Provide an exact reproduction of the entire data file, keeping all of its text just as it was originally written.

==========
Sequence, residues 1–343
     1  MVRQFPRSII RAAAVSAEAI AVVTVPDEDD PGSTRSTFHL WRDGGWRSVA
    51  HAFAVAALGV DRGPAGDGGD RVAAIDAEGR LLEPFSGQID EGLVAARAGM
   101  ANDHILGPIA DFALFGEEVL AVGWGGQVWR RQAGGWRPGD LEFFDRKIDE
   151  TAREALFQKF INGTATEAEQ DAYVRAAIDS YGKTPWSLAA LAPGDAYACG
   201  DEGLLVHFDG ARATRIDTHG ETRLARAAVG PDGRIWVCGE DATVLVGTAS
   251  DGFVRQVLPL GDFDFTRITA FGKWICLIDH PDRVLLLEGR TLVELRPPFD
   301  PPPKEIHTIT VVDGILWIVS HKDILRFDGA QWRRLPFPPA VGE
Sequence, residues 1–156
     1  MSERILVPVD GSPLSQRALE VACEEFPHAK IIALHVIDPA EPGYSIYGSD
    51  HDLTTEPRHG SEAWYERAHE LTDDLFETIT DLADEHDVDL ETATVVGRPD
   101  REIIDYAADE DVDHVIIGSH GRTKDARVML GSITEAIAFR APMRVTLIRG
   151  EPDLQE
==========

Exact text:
Sequence, residues 1–343
     1  MVRQFPRSII RAAAVSAEAI AVVTVPDEDD PGSTRSTFHL WRDGGWRSVA
    51  HAFAVAALGV DRGPAGDGGD RVAAIDAEGR LLEPFSGQID EGLVAARAGM
   101  ANDHILGPIA DFALFGEEVL AVGWGGQVWR RQAGGWRPGD LEFFDRKIDE
   151  TAREALFQKF INGTATEAEQ DAYVRAAIDS YGKTPWSLAA LAPGDAYACG
   201  DEGLLVHFDG ARATRIDTHG ETRLARAAVG PDGRIWVCGE DATVLVGTAS
   251  DGFVRQVLPL GDFDFTRITA FGKWICLIDH PDRVLLLEGR TLVELRPPFD
   301  PPPKEIHTIT VVDGILWIVS HKDILRFDGA QWRRLPFPPA VGE
Sequence, residues 1–156
     1  MSERILVPVD GSPLSQRALE VACEEFPHAK IIALHVIDPA EPGYSIYGSD
    51  HDLTTEPRHG SEAWYERAHE LTDDLFETIT DLADEHDVDL ETATVVGRPD
   101  REIIDYAADE DVDHVIIGSH GRTKDARVML GSITEAIAFR APMRVTLIRG
   151  EPDLQE